What are some practical ways that faith communities can systemically address abusive power? First of all, the church cannot pretend to be the expert on every single issue. Domestic violence is a complex, dangerous, multi layered problem that people have dedicated entire lifetimes to studying. Jane’s pastor thinks that because he’s had a few experiences with troubled marriages or taken a few classes on couples counseling or counseled many couples, or heard stories about domestic violence from other pastors in his echo chamber that he is qualified to give blanket recommendations from the pulpit. He is not.
This is not to say that pastors don’t bring a valuable perspective to the issue or that they have nothing to offer. In fact, just the opposite is true. If we are arguing for anything in the article, it is that victims and abusers need powerful and informed churches and ministers. But in order for that to happen, those churches and ministers must avail themselves of the resources of organizations that specialize every day in the dynamics and logistics of the issue. How might the landscape look different if more churches partnered publicly with their local shelter, had a local expert present once or twice a year in their services, and paid for training for their staff?
Secondly, faith communities can model appropriate use of power by putting processes in place that clearly make those with positional authority accountable to those outside the direct impact of their power. There are a number of ways to do this which we don’t have space to go into here.
Thirdly, faith communities should intentionally create appropriate space where authenticity and vulnerability are protected, valued, and modeled. Robes and rituals and worship traditions are important. But there must also be a place where family intimacy gives opportunities for mutual accountability, support, and even intervention if needed.
What if Jane were part of a congregation where no one was as concerned with an uninterrupted service as they were about helping Jane get settled in with her kids? What if no one felt the burden of comparison with Jane or felt embarrassed for her over her lack of being put together? What if the pastor affirmed the evil of abuse and the heart of the gospel for the oppressed instead of telling a half baked anecdote completely devoid of the complexities and nuance of real life? What if the foyer table included a pamphlet about a shelter that would give some reassurance to Jane that she could confront her abuser and have a place to escape to in the likely event that his abuse escalated because of the confrontation? What if Jane knew others in the church who had been through trauma in their past and had experienced healing through therapy?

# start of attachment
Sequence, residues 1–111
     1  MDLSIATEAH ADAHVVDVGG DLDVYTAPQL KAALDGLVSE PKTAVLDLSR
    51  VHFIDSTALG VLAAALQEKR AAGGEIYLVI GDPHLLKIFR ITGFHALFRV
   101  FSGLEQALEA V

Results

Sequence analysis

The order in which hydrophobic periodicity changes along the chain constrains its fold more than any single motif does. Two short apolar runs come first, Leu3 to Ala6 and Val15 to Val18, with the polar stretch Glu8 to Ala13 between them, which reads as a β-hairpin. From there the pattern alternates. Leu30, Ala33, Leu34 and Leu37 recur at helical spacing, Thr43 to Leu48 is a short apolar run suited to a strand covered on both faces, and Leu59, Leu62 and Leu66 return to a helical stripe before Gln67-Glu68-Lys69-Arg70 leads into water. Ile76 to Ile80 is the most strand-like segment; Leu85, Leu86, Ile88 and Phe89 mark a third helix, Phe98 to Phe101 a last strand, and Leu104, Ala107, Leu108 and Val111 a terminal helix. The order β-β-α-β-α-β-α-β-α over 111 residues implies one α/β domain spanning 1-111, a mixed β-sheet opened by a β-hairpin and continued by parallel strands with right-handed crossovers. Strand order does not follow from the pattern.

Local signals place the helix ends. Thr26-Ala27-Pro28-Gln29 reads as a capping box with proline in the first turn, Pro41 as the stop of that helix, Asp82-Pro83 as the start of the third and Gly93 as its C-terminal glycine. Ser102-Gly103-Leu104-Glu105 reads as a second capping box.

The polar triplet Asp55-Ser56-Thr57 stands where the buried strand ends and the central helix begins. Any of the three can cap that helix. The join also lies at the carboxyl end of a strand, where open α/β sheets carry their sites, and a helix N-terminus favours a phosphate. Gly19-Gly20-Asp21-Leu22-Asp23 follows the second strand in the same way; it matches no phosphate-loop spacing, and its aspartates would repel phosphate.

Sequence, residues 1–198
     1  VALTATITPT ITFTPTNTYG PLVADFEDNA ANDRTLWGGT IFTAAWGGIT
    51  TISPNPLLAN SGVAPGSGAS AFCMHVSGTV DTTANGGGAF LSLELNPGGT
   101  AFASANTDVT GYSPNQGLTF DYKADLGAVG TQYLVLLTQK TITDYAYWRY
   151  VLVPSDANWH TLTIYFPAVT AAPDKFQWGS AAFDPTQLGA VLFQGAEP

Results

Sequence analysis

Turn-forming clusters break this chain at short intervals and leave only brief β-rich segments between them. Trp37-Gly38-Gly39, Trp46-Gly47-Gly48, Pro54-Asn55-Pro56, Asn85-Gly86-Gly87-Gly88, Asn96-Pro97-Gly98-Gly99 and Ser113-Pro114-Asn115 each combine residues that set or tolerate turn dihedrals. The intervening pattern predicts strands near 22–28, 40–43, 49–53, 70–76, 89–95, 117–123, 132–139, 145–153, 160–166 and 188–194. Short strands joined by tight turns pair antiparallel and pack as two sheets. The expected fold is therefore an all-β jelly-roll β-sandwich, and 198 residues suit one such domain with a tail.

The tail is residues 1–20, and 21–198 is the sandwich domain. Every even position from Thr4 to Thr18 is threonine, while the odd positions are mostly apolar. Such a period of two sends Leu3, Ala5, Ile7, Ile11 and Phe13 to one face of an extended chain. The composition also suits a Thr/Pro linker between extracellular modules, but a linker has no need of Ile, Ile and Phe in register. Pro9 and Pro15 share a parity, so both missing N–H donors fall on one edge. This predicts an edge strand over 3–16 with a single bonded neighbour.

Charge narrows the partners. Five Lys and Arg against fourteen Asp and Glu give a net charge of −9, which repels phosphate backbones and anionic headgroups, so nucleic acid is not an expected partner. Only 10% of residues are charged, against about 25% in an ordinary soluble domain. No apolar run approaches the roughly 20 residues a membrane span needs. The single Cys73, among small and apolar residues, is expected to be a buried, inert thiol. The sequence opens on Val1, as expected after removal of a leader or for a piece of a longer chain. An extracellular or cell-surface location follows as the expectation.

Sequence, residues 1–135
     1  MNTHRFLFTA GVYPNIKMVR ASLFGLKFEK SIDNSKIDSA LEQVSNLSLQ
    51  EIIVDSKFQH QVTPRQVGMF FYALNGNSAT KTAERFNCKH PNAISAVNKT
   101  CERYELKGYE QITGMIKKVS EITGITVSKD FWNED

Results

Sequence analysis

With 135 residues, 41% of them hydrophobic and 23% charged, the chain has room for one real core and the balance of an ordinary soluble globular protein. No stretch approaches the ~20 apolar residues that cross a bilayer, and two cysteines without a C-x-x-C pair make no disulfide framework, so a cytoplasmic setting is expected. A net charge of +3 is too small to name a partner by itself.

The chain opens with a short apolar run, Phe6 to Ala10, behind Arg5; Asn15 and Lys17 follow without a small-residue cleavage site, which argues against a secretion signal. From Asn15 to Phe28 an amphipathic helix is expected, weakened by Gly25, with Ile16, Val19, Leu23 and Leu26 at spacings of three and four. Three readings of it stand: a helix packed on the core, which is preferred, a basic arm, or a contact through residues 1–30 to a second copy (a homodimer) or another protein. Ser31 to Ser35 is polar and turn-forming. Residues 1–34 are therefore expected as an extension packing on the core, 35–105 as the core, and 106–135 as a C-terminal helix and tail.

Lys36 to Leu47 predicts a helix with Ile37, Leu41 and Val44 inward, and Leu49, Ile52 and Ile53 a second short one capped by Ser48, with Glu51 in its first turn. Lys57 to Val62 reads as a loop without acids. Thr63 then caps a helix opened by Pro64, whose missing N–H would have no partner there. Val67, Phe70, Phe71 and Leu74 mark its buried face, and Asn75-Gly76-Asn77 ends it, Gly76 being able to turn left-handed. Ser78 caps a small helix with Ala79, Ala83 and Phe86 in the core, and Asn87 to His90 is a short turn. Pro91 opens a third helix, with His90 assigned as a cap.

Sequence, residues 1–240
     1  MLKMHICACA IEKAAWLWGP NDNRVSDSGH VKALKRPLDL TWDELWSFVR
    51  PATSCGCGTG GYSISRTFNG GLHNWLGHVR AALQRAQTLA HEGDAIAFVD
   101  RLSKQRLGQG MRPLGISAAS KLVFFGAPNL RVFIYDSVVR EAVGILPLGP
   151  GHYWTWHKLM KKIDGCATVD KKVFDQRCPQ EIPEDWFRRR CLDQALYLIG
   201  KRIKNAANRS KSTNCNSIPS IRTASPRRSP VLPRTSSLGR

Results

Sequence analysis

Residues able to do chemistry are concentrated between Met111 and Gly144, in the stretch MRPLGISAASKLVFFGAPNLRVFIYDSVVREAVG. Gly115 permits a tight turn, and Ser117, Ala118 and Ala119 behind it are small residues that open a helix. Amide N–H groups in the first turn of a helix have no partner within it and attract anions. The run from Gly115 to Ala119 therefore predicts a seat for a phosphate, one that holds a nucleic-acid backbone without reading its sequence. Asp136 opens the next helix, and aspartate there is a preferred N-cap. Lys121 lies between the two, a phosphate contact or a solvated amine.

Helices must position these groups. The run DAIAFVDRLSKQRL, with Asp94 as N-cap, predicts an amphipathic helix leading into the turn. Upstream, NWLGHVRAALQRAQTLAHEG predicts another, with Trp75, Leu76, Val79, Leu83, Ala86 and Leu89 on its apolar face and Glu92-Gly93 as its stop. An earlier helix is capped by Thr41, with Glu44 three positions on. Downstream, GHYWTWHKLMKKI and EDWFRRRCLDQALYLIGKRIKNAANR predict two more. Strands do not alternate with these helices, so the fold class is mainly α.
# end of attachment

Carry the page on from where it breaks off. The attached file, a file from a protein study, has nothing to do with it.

What if Jane’s church wasn’t busy measuring spirituality and quantifying godliness and verbally flagellating in a paradoxical grooming of self righteousness? What if they were taking the beatitudes to heart and looking for the favor of God toward the poor, the broken, the persecuted, and the meek?
What if they gave Jane power?
My wife, Kristen, is a competitive powerlifter. On her dead lifts she is very close to being in the 300 club. Yes. 300lbs. I regularly get jokes about how she is stronger than I am. I want you to know though that I can lift a car. I’m not exaggerating. I am capable of lifting a car without a jack or a mechanical lift. All I need is a little bit of leverage. I could lift a vehicle of up to 5,000 lbs. with just a fulcrum (think the middle part of a seesaw) and a lever about 12 yards long. The Ancient Greek Archimedes famously said “give me a place to stand and I shall move the earth.”
Leverage plays a role in most relationships whether at home or at work. Leverage is not inherently bad or good. In a relationship context it simply refers to any process that allows one party to exponentially multiply their degree of influence on another party. Intimate partnerships such as a marriage inherently create an enormous amount of leverage between the two people. This leverage can either be used coercively or cooperatively.
In a domestic violence relationship, the batterer uses a variety of coercive tactics to increase their leverage. When people ask why a victim doesn’t leave, what they are really missing is an awareness of just how much leverage the abuser has. Leverage can turn a small amount of force into an incredible amount of stopping energy.
Sometimes a person with a family member or friend in an abusive relationship will tell me “we’ve told her she could come stay with us but she just won’t leave him!” They are often in disbelief that a victim would stay because in their minds the only barrier is having a place to stay. But there are always a large number of visible and invisible ways that the abuse has leverage. The victim may believe that the abuser would hurt another member of the family (in fact, one study found that in 20% of intimate partner homicides the homicide victims were not the domestic violence victims themselves, but family members, friends, neighbors, persons who intervened, law enforcement responders, or bystanders). The victim may believe that the abuser will win custody of the children. The victim may believe that divorce is a sin. These are all forms of leverage that the abuser may be using coercively. And these only scratch the surface.